It astounds me that anyone considers this a strange thing for a man to know about!

CrimpMyArse Fri 15-Mar-19 09:02:11

It looks awesome. I can’t see anything bad about it at all.

Might get a pack for my other half actually. It’s so normalised for Dads to be excluded either actively or unintentionally from those conversations.

JassyRadlett Fri 15-Mar-19 09:02:29

To be honest, the less that some things are ‘secret women’s business’ that make men feel icky and uncomfortable the easier it will be for women to be able to talk about these issues when they are affected - their husbands taking them seriously, being able to talk to male bosses about related health issues, etc. At some point if it’s out in the open a bit more doctors might even take health issues related to periods a little more seriously.

I don’t much care if a guy does this to tick the ‘good dad box’ (and wanting to be a better parent is surely something to be celebrated, not denigrated?) If the outcome is that he’s a more fully involved and supportive parent to his daughters, then that’s what matters.

KennDodd Fri 15-Mar-19 09:03:26

I think it's good. Apart from the 'Hey Girls' bit.

TheSerenDipitY Fri 15-Mar-19 09:04:11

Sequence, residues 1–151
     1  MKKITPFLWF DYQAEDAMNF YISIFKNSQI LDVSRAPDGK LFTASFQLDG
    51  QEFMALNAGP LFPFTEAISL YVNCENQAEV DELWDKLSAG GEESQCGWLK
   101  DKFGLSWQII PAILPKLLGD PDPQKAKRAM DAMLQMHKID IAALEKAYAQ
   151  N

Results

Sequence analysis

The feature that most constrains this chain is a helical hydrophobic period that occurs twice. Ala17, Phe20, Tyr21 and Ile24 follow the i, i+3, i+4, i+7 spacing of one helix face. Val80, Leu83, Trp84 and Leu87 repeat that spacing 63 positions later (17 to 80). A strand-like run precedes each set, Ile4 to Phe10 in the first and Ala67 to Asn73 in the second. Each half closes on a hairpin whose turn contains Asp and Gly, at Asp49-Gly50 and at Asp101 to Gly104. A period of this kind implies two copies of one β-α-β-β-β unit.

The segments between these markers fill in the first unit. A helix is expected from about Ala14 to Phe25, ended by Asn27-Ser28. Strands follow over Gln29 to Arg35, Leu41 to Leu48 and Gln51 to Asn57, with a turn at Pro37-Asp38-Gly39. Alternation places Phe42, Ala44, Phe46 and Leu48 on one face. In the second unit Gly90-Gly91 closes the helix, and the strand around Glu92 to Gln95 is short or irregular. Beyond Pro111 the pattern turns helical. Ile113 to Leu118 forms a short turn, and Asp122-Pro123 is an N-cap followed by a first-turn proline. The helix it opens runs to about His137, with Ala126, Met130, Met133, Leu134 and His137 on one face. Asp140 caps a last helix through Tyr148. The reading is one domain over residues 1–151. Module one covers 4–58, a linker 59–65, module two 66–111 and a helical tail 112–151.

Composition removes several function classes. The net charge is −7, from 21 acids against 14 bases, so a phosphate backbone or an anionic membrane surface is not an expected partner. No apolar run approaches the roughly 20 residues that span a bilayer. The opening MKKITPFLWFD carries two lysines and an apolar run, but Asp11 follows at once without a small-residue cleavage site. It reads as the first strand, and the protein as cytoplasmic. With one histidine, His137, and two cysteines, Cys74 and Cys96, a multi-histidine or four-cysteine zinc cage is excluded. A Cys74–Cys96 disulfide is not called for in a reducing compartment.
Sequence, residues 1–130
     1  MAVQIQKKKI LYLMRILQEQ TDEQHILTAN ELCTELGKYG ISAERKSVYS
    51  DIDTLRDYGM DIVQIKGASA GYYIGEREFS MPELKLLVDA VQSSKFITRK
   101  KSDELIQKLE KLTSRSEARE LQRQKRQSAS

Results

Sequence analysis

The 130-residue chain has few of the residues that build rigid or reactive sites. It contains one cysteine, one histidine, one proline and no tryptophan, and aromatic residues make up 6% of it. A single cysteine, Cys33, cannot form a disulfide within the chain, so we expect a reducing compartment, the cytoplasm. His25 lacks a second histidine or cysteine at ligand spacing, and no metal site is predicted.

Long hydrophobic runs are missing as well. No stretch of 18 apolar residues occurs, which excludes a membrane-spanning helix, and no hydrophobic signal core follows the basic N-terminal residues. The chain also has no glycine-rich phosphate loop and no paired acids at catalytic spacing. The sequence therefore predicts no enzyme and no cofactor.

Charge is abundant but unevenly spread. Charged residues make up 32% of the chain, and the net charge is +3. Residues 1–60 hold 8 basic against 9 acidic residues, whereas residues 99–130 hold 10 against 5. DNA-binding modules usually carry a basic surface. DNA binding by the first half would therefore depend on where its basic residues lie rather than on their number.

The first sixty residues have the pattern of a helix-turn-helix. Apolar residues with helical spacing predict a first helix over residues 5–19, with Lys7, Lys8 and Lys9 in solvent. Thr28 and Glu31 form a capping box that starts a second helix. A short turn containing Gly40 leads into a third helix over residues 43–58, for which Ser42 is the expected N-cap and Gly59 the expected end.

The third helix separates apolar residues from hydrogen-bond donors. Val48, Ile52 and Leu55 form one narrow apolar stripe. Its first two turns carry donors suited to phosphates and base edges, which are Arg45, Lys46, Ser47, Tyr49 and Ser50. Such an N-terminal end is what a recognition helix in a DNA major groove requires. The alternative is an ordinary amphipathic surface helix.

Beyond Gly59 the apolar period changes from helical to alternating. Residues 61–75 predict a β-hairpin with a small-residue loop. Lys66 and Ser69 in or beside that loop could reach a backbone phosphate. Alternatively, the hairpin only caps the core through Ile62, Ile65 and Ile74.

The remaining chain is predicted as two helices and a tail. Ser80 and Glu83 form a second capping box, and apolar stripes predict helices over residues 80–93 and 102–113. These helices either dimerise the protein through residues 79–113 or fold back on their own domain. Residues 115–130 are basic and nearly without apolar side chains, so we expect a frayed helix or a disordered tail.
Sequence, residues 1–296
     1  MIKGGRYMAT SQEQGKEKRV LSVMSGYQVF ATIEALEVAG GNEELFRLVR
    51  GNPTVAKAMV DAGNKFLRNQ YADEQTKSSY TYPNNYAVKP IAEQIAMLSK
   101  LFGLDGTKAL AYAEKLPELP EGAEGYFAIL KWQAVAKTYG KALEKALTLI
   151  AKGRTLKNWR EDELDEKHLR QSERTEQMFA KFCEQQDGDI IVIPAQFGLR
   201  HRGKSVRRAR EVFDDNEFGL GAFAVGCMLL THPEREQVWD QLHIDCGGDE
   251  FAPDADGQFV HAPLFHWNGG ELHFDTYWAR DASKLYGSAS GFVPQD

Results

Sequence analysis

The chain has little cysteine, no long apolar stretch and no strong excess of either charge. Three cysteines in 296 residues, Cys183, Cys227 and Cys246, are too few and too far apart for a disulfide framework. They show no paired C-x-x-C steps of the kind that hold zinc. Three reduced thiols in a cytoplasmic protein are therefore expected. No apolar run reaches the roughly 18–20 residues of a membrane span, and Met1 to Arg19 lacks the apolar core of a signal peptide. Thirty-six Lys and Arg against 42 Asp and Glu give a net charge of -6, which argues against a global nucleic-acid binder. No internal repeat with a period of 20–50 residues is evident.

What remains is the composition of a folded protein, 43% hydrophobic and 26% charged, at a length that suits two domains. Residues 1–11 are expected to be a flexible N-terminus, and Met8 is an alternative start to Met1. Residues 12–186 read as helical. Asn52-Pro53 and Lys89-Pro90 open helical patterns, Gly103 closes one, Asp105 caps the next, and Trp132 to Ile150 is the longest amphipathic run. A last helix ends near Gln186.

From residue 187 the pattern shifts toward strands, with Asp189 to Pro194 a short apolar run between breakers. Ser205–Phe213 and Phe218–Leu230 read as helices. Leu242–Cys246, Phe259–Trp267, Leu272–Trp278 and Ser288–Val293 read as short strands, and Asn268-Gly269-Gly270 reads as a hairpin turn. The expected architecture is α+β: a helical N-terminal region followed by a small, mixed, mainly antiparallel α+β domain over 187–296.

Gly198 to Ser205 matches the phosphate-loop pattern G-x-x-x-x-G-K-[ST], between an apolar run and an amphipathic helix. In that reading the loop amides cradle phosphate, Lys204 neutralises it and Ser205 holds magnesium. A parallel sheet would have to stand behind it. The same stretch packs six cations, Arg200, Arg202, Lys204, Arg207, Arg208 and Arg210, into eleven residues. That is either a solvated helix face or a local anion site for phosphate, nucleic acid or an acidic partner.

lol this reminds me of my daughter... when she was 11 she went to Canada with her great grandfather, we packed pads in her luggage and explained that if t happens when shes away here they are etc etc etc, as soon as she got to Canada she explained it all to her great grand father and how shes got it covered and he wasnt to worry.... he was so mortified... not something hes ever discussed in his entire life id imagine

Littleraindrop15 Fri 15-Mar-19 09:06:06

I think it's great, educating men on periods and breaking that 'embarrassed' feeling around periods when it's part of life is a step forward for women.

I grew up quite embarrassed of periods and would feel uncomfortable if a boy or male was with me whilst picking up sanitary towels.. So I find this great

TixieLix Fri 15-Mar-19 09:08:08

My DDs 20yr old BF is great. If she couldn't get to the shop and needed pads urgently, he wouldn't bat an eyelid at going and getting them for her. I don't think we should wait until men are dads to teach them to be comfortable buying sanitary products. They should be taught when they are teenage boys that periods and sanitary products are normal and nothing to be embarrassed or ashamed of, so that they can support their future wives/partners/girlfriends/daughters.

SleepingStandingUp Fri 15-Mar-19 09:08:14

We think it’s a bit nuts that around half the population has a period almost every month, but that they can still be seen as secret and shameful
This!! So anything that works on that is surely a plus?